Grace Bumbry, an acclaimed mezzo-soprano, has died at age 86.
According to her publicist David Lee Brewer, she passed away on Sunday (May 7) at Evangelisches Krankenhaus, a hospital in Vienna. She previously suffered a stroke in October 2022 and received treatment at various facilities prior to her death. Bumbry was the first Black soprano to sing at Germany’s Bayreuth Festival and was a recipient of the Kennedy Center Honors in 2009.
Born in 1937 in St. Louis, Bumbry’s talent as a singer was first realized as a teen, as she won a local radio talent competition that included a scholarship to the St. Louis Institute of Music. However, she was denied due to racial prejudice, but did not let those barriers deter her; she went on to study music at Boston University College of Fine Arts, Northwestern, and at the Music Academy of the West.
Bumbry’s career took off in the 1960s, as she sang at the White House, Carnegie Hall, London’s Royal Opera, and Teatro alla Scala in Milan. That decade, she also made her debut at the Met, where she would perform over 200 times and became one of the most acclaimed opera singers to grace its stage during her decades-long tenure.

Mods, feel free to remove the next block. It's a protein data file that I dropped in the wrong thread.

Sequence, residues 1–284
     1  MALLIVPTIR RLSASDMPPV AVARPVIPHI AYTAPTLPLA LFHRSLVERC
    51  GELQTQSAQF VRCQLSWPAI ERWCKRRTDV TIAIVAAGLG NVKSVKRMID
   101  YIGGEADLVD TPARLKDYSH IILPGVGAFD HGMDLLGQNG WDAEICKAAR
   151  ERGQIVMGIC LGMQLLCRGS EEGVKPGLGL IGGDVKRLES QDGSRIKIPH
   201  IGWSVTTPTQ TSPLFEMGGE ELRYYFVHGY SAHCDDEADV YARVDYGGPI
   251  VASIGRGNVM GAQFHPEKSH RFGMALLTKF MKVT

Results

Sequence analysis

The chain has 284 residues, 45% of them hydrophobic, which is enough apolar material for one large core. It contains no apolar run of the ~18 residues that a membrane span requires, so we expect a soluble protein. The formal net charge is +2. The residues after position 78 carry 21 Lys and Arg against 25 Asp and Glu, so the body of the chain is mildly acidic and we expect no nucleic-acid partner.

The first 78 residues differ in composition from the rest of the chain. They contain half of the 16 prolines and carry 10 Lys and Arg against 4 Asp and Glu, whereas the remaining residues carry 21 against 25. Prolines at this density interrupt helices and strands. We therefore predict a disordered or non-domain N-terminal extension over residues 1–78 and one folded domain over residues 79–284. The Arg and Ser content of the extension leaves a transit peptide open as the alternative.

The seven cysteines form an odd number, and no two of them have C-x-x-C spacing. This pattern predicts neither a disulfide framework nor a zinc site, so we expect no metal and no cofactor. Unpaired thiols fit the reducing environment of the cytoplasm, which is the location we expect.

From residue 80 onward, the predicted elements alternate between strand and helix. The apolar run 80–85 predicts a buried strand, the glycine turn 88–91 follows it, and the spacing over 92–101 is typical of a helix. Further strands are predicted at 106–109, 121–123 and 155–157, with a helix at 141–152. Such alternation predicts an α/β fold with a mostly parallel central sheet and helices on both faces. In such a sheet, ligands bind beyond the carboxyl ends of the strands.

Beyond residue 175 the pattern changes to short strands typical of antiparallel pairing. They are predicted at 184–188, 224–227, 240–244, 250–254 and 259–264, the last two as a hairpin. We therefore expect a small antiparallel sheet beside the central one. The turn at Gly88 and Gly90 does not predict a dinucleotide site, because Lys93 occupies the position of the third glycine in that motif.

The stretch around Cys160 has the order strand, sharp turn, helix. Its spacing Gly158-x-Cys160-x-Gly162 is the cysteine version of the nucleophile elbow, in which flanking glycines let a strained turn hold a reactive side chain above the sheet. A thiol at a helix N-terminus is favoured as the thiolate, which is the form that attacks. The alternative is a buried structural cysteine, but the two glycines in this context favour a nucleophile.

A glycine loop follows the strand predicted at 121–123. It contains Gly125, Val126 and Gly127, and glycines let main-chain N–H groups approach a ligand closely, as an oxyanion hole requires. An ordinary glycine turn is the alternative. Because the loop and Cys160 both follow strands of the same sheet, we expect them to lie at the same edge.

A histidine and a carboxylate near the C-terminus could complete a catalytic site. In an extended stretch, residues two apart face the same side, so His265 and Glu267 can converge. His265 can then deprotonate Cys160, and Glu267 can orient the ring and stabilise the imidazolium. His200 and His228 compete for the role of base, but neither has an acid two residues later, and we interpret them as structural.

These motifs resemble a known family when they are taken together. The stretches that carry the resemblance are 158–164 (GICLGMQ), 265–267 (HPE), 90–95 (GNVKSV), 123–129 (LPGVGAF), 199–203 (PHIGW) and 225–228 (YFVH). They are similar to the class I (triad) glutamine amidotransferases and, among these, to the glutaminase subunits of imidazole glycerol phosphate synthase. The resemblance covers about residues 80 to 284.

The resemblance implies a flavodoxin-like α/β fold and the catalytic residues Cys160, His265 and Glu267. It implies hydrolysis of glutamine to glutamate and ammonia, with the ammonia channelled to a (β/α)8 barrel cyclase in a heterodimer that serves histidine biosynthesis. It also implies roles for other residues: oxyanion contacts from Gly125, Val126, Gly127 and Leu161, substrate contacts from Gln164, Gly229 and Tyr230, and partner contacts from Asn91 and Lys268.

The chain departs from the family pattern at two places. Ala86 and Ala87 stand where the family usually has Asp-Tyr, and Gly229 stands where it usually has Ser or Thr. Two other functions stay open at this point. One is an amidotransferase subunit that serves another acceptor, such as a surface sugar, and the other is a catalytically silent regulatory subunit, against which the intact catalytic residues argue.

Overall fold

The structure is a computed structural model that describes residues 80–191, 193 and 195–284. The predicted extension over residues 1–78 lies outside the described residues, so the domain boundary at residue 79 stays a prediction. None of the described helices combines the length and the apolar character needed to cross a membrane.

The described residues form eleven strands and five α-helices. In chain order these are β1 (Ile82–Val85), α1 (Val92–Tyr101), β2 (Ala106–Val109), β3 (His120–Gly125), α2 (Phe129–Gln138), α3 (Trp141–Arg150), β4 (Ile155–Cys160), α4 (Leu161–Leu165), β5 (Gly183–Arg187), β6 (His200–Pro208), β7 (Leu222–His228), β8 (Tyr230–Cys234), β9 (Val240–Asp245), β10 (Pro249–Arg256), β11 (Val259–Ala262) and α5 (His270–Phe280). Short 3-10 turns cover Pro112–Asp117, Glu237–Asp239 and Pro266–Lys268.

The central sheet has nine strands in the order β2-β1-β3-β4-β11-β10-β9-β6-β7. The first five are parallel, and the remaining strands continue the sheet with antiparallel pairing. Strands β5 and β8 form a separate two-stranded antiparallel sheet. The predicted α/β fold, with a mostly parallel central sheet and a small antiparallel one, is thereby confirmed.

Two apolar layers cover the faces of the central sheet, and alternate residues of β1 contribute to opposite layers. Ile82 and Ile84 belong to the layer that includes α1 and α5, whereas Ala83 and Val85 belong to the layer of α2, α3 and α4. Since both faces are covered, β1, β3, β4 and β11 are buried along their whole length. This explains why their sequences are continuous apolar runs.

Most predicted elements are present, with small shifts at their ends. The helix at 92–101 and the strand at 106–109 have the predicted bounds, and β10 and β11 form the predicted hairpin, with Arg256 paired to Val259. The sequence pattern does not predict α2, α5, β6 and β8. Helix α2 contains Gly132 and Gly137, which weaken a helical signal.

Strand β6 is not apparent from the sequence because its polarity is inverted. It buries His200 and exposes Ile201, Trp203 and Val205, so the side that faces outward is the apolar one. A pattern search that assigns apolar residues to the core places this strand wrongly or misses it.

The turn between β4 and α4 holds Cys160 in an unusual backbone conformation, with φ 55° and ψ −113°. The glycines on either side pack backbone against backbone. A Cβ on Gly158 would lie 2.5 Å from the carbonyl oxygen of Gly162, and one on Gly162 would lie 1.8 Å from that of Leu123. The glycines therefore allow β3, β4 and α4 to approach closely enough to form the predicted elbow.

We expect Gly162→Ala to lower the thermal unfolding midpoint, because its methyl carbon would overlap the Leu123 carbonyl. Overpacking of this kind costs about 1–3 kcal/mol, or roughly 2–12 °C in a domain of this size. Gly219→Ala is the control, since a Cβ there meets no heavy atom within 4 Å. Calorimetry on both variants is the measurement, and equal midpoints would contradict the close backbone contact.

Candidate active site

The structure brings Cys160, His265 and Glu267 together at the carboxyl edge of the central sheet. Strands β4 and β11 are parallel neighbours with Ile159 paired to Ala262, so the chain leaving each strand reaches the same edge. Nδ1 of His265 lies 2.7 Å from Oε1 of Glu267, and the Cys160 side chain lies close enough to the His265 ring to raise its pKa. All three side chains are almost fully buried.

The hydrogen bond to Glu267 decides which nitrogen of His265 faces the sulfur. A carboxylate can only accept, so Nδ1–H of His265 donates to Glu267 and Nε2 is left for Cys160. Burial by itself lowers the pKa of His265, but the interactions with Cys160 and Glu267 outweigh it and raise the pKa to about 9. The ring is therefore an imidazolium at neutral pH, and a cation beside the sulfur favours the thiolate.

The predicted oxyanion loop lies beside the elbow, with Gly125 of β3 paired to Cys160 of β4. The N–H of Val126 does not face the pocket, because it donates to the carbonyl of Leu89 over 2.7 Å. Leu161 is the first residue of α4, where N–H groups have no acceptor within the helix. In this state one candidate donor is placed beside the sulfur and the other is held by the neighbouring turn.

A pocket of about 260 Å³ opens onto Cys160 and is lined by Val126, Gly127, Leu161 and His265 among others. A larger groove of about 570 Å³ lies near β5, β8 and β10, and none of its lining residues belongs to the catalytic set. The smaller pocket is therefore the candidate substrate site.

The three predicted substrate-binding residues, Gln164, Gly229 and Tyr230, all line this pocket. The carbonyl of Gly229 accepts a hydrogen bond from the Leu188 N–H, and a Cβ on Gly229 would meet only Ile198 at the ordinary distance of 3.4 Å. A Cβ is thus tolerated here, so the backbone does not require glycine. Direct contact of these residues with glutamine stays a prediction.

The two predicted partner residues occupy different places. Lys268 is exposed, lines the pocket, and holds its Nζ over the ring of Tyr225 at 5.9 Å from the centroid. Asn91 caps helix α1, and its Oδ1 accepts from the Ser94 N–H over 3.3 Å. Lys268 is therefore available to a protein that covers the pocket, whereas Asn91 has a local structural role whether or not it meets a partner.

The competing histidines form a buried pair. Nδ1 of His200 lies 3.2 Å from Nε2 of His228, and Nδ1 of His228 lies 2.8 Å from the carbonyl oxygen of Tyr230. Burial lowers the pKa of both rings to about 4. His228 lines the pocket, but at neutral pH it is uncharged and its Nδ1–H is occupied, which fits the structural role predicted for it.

Peter Gelb, general manager of the Met, spoke glowingly of Bumbry’s impact, legacy, and talent, deeming her “one of the first great African American stars.” He added that the Opera Hall of Fame inductee played a “pioneering role” and that the genre of opera will be “forever in her debt.”
“Grace Bumbry was the first opera star I ever heard in person in 1967 when she was singing the role of Carmen at the Met and I was a 13-year-old sitting with my parents in Rudolf Bing’s box,” he said. “Hearing and seeing her giving a tour-de-force performance made a big impression on my teenage soul and was an early influence on my decision to pursue a career in the arts, just as she influenced generations of younger singers of all ethnicities to follow in her formidable footsteps.”